GP crisis needs urgent attention
With the Stormont institutions on ice, the number of issues requiring the attention of a democratically elected and locally accountable executive are starting to pile up.
One of the most pressing concerns is the healthcare system in the north which has long been hit by mounting difficulties.
The problems are well recognised, the question is what is being done to address them.
Last year's report by Professor Rafael Bengoa set out an ambitious ten-year plan for reforming healthcare in the north, with a key element involving the development of GP services.
An effective, efficient and properly resourced family doctor system is crucial to the delivery of high quality care to the population.
However, the British Medical Association has been warning for some time that primary care is in crisis, with too few doctors to replace the numbers who are retiring while practices are dealing with increased patient demand.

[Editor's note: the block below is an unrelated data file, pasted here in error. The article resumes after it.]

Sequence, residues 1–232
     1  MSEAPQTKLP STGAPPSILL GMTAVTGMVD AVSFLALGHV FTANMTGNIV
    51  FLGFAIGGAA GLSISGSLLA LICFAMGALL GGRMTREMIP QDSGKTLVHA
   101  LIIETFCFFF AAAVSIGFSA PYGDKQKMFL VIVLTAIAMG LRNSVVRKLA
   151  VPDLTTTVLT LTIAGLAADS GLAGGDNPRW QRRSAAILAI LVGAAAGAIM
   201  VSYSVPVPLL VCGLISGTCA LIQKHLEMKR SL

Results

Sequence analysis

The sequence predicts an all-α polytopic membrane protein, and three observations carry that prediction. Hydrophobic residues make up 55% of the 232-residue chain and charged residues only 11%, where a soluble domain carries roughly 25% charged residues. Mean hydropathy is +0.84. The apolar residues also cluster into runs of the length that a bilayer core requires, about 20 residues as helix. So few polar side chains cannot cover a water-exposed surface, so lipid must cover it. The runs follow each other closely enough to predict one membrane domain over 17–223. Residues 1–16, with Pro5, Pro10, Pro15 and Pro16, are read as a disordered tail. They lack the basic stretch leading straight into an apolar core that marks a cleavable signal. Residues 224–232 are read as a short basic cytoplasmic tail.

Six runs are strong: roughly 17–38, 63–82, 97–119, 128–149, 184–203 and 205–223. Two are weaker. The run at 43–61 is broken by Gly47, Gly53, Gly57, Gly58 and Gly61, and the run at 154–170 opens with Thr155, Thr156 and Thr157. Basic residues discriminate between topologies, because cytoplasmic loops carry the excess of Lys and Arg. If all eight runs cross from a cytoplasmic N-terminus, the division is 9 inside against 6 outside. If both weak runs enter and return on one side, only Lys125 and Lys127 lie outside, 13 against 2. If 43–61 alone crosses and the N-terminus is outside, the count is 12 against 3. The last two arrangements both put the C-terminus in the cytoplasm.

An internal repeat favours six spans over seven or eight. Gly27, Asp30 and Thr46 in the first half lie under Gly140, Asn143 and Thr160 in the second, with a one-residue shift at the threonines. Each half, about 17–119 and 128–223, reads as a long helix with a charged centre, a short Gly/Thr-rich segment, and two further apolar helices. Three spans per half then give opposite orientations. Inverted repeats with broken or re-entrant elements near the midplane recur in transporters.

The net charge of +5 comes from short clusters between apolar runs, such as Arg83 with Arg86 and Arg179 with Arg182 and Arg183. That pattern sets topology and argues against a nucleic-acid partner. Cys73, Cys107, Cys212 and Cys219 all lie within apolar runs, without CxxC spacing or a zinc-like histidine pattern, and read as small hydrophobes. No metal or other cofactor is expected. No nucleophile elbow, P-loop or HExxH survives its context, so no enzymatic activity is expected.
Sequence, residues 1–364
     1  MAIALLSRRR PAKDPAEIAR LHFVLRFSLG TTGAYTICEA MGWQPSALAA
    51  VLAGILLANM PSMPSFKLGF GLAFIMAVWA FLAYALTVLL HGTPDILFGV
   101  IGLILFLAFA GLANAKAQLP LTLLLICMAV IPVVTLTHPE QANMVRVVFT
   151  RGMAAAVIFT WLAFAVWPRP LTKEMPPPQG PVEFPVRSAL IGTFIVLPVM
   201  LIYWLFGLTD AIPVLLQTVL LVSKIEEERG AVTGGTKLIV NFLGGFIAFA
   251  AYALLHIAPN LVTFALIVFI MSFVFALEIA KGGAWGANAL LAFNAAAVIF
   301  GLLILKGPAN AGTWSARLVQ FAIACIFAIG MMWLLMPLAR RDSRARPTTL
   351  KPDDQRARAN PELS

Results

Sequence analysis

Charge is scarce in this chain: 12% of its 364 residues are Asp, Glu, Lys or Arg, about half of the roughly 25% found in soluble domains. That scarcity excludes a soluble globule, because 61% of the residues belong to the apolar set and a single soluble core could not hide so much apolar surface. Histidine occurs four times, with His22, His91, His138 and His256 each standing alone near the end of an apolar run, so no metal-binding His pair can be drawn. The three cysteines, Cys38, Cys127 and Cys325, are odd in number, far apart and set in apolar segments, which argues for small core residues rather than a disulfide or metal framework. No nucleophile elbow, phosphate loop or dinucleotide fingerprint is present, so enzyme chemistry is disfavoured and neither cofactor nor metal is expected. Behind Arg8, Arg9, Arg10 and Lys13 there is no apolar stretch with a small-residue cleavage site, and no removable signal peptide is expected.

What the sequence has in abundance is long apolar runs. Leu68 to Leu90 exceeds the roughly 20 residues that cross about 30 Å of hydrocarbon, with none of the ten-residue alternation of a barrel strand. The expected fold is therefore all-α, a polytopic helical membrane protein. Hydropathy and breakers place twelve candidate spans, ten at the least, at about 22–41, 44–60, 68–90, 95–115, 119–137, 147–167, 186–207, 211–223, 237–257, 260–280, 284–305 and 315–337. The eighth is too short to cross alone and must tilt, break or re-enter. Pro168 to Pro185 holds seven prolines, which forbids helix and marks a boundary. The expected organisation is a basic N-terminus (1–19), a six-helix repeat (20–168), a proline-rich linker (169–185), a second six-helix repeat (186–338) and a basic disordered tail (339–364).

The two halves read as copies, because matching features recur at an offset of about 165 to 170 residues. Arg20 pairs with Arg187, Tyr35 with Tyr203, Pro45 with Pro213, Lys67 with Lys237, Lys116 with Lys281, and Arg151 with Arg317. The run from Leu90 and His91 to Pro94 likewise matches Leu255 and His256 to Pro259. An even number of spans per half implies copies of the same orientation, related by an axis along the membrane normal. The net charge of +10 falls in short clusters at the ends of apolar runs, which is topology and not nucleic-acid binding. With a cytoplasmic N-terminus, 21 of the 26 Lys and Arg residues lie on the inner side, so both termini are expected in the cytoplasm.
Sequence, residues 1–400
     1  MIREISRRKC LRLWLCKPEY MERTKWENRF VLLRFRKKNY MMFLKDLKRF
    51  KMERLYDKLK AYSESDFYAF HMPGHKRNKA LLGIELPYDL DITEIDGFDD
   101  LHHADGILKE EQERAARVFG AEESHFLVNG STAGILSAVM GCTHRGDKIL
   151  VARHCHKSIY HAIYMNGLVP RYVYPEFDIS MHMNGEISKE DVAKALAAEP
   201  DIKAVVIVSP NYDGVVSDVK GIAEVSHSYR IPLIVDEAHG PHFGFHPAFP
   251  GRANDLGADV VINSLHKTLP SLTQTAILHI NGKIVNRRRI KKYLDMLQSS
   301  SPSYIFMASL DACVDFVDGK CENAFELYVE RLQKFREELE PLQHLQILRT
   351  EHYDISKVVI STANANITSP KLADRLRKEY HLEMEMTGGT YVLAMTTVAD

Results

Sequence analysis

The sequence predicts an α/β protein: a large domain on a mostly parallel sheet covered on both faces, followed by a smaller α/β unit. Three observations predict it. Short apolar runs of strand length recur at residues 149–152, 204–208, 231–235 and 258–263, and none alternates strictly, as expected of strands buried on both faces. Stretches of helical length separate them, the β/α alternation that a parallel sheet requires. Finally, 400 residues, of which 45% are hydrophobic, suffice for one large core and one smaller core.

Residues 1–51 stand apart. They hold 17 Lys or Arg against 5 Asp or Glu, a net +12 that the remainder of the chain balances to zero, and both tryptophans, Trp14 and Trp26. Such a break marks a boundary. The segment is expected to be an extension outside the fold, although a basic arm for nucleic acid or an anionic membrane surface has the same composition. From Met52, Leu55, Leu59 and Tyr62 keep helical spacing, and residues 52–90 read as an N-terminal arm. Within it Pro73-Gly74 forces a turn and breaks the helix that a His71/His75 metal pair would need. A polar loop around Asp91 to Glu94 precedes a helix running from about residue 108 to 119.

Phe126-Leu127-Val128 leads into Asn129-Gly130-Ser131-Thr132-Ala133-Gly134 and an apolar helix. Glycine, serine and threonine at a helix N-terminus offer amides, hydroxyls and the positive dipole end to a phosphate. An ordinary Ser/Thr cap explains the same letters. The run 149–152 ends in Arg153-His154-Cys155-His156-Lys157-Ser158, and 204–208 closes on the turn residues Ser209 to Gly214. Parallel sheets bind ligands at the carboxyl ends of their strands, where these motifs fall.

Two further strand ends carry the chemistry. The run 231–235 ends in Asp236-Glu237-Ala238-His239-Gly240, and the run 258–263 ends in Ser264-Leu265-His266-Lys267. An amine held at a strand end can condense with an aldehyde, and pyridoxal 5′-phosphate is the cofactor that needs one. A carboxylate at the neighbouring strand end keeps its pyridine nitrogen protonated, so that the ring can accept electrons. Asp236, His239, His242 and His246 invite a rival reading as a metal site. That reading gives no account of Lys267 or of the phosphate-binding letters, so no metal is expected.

Rural practices have been especially hard hit with a number of closures leaving patients to make alternative arrangements.
In country areas this can often mean people having to travel long distances to see a doctor or collect a prescription - that is if another practice is prepared to take on the patients who have been left without a local surgery.
It is clear that matters have become particularly bad in Roslea, Co Fermanagh, where the practice closed in April leaving 1,500 villagers without a GP.
Patients now have to make the 15 mile journey to a newly amalgamated practice in Lisnaskea but that change has proved less than straightforward as a result of problems with the telephone system.
The Health and Social Care Board has put in place a minibus to ferry patients from Roslea to Lisnaskea but patients have to book two days in advance and so far none has done so.
This is the situation in just one village but unless the crisis in GP recruitment is tackled, we can expect to hear more cases of surgeries closing and patients being left in limbo.